As part of the celebration, an exhibit of historical toys, not open to the public, was on display, giving attendees an exclusive look back at some of Mattel’s very first innovations, including an original Barbie and Ken® doll, early Hot Wheels play sets, See ‘N Say, Chatty Cathy doll and more — many of which had not been displayed in decades. The exhibit also featured some of Mattel’s newest toys, demonstrating the company’s continued commitment to innovation. Additionally, original historical items from the early days of Mattel were featured, including original sketches of toy concepts by Elliot Handler, select business items and historical photographs courtesy of the personal archives of Barbara Handler Segal and her family.
The Handler Team Center houses hundreds employees who represent a variety of functions for the global Mattel brands, including design, product development, marketing, packaging, inventor relations, franchise development, entertainment production and consumer products design, among others. The center boasts a full recording studio, model shop, electronics laboratory, chemistry laboratory and cafeteria.
The 200,000-square-foot structure was originally built in 1954 as a factory to manufacture aircraft parts. Mattel moved into the building in 1990, and it went through an internal design refresh in 2009 in order to create a more creative and collaborative work environment. The Handler Design Center currently features a ramp at the front door which slopes up from the parking lot, allowing full-sized Hot Wheels cars to drive right into the building. It also houses an extensive collection of Hot Wheels cars from a variety of decades.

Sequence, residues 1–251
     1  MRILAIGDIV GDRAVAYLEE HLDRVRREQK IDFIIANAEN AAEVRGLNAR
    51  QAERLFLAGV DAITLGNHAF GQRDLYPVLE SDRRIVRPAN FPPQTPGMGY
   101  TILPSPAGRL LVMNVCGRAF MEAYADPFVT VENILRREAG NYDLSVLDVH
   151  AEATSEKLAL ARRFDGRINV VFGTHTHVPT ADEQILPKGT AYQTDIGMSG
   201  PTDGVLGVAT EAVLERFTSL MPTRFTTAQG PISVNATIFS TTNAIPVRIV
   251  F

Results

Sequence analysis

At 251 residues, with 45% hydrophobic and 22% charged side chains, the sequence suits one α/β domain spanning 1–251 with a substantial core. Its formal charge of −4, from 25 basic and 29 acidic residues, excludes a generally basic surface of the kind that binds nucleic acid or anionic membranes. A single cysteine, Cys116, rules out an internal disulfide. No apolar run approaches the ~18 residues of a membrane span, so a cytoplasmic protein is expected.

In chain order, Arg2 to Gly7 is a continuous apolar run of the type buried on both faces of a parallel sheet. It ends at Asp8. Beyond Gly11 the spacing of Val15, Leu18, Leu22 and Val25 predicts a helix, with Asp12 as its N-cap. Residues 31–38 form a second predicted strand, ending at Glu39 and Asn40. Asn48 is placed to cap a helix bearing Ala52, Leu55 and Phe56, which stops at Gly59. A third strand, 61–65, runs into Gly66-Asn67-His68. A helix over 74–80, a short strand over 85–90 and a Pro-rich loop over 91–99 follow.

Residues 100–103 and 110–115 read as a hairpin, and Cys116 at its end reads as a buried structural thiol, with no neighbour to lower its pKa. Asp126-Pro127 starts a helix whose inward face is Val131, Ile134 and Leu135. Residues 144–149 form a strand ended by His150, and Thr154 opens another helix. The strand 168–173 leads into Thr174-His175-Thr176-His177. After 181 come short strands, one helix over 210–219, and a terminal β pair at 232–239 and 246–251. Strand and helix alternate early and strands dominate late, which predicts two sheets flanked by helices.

Mattel, Inc. (Nasdaq: MAT) is the worldwide leader in the design, manufacture and marketing of toys and family products. The Mattel family is comprised of such best-selling brands as Barbie®, the most popular fashion doll ever introduced, Hot Wheels®, Matchbox®, American Girl®, Radica® and Tyco R/C®, as well as Fisher-Price® brands, including Thomas & Friends®, Little People®, Power Wheels® and a wide array of entertainment-inspired toy lines. In 2012, Mattel was named as one of FORTUNE Magazine’s “100 Best Companies to Work For” for the fifth year in a row. Mattel also is ranked among Corporate Responsibility Magazine’s “100 Best Corporate Citizens.” With worldwide headquarters in El Segundo, Calif., Mattel employs approximately 28,000 people in 43 countries and territories and sells products in more than 150 nations. At Mattel, we are Creating the Future of Play. Visit us at www.mattel.com, www.facebook.com/mattel or www.twitter.com/matel.
- April 2015 
- March 2015 
- February 2015 
- January 2015 
- December 2014 
- November 2014 
- October 2014 
- September 2014 
- August 2014 
- July 2014 
- June 2014 
- May 2014 
- April 2014 
- March 2014 
- February 2014 
- View complete archive...